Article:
P&ID: How Nigeria’s Attorney General’s Failure To Negotiate Debt Attracted Compounded Interest

The failure of Nigeria’s Attorney-General and Minister of Justice, Abubakar Malami, to successfully negotiate an arbitral award with Process and Industrial Developments Ltd, has placed Nigeria at the receiving end of losing up to 20 per cent of the country’s foreign reserve, a monetary sum of over $9bn.

A 2010 contractual agreement between Nigeria and P&ID to build a natural gas-processing plant in Calabar, Cross River State, broke down irretrievably and the London Commercial Court, converting an arbitration decision to judgment, found Nigeria guilty of breach of contract.

Nigeria, in a frantic move to wriggle out of the judgment debt, filed a successful lawsuit at its own Federal High Court, which set aside the judgment of the UK court.

P&ID did not partake at the proceedings, which happened at the Lagos Federal High Court, alleging that the court lacked jurisdiction on the case. 

The company’s argument seems meritorious because as far back as 2016, parties agreed on UK as the venue for the arbitration which eventually took place in 2017, even though Nigerian arbitration laws were to apply.

Nigeria had a 28-day ultimate to separately appeal both decisions of the arbitration venue and the arbitral award but it delayed several months before it appealed the decision on the venue and the appeal was dismissed.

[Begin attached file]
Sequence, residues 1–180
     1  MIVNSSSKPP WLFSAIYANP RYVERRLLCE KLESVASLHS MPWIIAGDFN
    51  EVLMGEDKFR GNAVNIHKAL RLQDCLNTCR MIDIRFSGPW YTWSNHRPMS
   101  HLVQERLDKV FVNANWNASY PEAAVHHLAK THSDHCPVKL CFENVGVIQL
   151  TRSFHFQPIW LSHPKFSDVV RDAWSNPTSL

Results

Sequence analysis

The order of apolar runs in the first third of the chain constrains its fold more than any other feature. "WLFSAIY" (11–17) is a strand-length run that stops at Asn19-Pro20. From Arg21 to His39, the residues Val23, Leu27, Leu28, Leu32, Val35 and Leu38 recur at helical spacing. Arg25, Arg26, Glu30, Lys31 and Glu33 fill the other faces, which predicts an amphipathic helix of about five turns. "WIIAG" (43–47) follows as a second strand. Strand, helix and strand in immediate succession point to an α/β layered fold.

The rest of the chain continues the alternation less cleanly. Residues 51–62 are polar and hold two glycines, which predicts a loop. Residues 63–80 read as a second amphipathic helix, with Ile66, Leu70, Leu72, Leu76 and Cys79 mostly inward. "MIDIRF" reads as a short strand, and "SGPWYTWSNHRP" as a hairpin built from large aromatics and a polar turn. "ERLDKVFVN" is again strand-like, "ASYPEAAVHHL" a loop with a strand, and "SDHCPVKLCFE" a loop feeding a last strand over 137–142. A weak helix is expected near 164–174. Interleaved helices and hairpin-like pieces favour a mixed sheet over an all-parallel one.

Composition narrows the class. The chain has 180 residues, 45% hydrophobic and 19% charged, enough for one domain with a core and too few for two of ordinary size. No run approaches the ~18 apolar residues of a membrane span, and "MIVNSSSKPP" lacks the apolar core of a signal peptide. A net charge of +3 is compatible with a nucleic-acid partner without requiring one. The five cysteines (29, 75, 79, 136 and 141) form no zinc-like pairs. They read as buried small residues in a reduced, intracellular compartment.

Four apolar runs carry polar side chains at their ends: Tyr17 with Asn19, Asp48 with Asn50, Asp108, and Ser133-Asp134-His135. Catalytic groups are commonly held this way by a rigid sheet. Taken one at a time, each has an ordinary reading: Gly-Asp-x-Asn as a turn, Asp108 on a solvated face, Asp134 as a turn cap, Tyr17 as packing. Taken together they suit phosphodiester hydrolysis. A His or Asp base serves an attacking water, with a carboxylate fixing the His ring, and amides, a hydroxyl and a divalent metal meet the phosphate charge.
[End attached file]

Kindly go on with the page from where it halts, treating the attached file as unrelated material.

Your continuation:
In a letter written to the law firm of Bolaji Ayorinde dated 27 April, 2017 and cited by SaharaReporters, Malami said he received the approval of Vice President, Yemi Osinbajo, to negotiate the arbitral award with P&ID. 

The letter reads in part, “Please be informed that the Vice President of Nigeria has approved that the Honourable Attorney-General of the Federation, Honourable Minister of Petroleum Resources and your humble self should immediately proceed to negotiate with P&ID with respect to how the award can be reviewed in favour of Federal Government.”

Malami’s negotiation with P&ID did not make any headway and Nigeria now stands the risk of potentially losing a fortune due to the failed negotiation. 

Although a dissenting arbitrator limited damages to $250m, the arbitral panel awarded over $6.597bn damages in favour of P&ID.

But owing to protracted legal tussles spearheaded by the AGF, damages accruable against Nigeria has now risen to over $9bn, representing 20 per cent of Nigeria’s foreign reserves.

The AGF has been at the centre of many scandals lately. 

SaharaReporters once published a viral video of how local and hard currencies were doled out at the wedding ceremony of the AGF’s son at Kebbi where six private jets were chartered to convey guests to the venue.

Dr Junaid Mohammed, a Nigerian lawmaker of the second republic, has described the AGF as lacking in credibility.

A group of concerned citizens from Kebbi State from where the AGF hails, have also asked Malami to clear himself from allegations of corruption and save Kebbi State from national embarrassment.

Also, the AGF in collaboration with Tukur Burutai, Chief of Army Staff, have flagrantly disobeyed a Federal High Court order mandating that a detained soldier, Lance Corporal Martins Idakpini, be granted access to his lawyer and family.

Malami has also been accused of using his position to frustrate several high-profile corruption cases in Nigeria.

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